Get Up Jack, John Sit Down
Ed Harrigan and David Braham
Ships may come and ships may go
As long as the sea does roll.
Each sailor lad just like his dad,
He loves the flowing bowl.
A trip ashore he does adore
With a girl that’s plump and round.
When your money’s all gone
It’s the same old song,
“Get up Jack! John, sit down!”
Come along, come along,
You jolly brave boys,
There’s lots of grog in the jar.
We’ll plough the briny ocean
With the jolly roving tar.
When Jack gets in, it’s then he’ll steer
For some old boarding house.
They’ll welcome him with run and gin,
They’ll feed him on pork scouse.
He’ll lend and spend and not offend
Till he lies drunk on the ground (Chorus)
He then will sail aboard some ship
For India or Japan
In Asia there, the ladies fair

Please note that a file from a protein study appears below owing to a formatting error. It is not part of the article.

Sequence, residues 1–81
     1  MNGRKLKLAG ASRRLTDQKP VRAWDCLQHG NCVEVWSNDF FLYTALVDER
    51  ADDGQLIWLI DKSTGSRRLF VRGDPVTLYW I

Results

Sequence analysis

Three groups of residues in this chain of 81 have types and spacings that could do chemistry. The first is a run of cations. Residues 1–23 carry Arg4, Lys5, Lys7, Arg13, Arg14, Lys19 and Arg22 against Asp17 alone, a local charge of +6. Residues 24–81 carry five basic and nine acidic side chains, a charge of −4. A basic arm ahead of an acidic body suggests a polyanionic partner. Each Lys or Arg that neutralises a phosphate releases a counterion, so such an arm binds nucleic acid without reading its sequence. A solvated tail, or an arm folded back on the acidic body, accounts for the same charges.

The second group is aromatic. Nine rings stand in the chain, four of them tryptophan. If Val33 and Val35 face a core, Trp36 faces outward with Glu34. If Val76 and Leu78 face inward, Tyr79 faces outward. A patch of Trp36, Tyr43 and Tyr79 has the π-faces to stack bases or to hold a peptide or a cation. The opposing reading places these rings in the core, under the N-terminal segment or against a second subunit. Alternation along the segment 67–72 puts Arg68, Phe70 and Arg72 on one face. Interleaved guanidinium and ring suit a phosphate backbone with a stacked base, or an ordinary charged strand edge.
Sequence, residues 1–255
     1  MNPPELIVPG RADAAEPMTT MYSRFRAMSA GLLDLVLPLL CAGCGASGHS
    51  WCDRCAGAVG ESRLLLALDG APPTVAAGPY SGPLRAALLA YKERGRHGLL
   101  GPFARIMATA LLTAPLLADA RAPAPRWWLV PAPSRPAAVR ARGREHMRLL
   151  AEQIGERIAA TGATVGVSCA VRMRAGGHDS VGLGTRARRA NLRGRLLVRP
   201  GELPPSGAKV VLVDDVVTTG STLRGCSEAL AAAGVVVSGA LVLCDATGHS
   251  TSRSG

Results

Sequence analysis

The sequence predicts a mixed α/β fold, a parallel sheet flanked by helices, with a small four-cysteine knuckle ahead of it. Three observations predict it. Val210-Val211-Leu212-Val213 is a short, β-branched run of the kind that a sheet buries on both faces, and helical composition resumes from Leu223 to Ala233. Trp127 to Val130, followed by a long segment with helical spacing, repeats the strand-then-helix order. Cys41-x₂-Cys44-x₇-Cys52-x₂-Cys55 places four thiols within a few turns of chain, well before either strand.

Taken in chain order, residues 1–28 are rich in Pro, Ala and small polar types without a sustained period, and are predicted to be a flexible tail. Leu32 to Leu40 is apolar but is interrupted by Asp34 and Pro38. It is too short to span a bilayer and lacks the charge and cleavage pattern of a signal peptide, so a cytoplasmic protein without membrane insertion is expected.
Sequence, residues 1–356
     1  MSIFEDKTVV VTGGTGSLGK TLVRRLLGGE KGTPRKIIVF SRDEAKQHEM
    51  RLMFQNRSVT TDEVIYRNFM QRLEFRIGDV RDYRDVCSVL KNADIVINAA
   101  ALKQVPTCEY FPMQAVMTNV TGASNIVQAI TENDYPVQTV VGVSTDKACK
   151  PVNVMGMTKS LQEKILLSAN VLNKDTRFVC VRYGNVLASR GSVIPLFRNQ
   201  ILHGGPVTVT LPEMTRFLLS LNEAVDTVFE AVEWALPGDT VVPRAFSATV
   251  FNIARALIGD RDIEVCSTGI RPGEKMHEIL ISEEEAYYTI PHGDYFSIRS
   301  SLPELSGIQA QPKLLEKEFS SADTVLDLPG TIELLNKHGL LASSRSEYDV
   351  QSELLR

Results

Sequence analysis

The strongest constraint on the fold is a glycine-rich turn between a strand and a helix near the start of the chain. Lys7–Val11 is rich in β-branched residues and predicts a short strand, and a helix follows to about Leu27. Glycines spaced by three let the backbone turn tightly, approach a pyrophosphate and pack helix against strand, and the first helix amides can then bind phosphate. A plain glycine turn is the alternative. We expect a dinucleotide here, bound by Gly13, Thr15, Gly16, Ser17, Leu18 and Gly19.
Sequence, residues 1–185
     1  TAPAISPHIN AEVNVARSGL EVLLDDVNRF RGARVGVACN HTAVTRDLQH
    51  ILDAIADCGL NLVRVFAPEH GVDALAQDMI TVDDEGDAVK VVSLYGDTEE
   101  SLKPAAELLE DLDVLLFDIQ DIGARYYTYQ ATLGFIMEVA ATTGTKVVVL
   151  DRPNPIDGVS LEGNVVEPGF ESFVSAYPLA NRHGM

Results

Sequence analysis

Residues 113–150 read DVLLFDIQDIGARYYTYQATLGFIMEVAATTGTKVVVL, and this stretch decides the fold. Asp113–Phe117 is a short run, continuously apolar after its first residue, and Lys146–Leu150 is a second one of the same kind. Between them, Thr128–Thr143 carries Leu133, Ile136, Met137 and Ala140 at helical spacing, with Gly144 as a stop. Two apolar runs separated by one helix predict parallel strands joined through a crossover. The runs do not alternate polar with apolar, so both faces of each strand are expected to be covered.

All love the sailor man.
He’ll go ashore and on a tear
He’ll buy some girl a gown. (Chorus)
When Jack gets old and weather-beat,
Too old to roam about,
In some rum shop, they’ll let him stop
Till eight bells calls him out.
He’ll raise his eyes up to the skies,
Sayin’ “Boys, we’re homeward bound.” (Chorus)
There are many fine versions of this song that have been recorded. It has a very fun chorus for which every group has a slightly different treatment.
A tip of the hat to John Roberts and Tony Barrand whose liner notes for their Across the Western Ocean CD provided the origin information for this song: It was written by Ed Harrigan and David Braham for an 1885 New York theatre production, “Old Lavender.”
Scouse is a traditional Liverpool dish, like a potato stew with various kinds of available meats.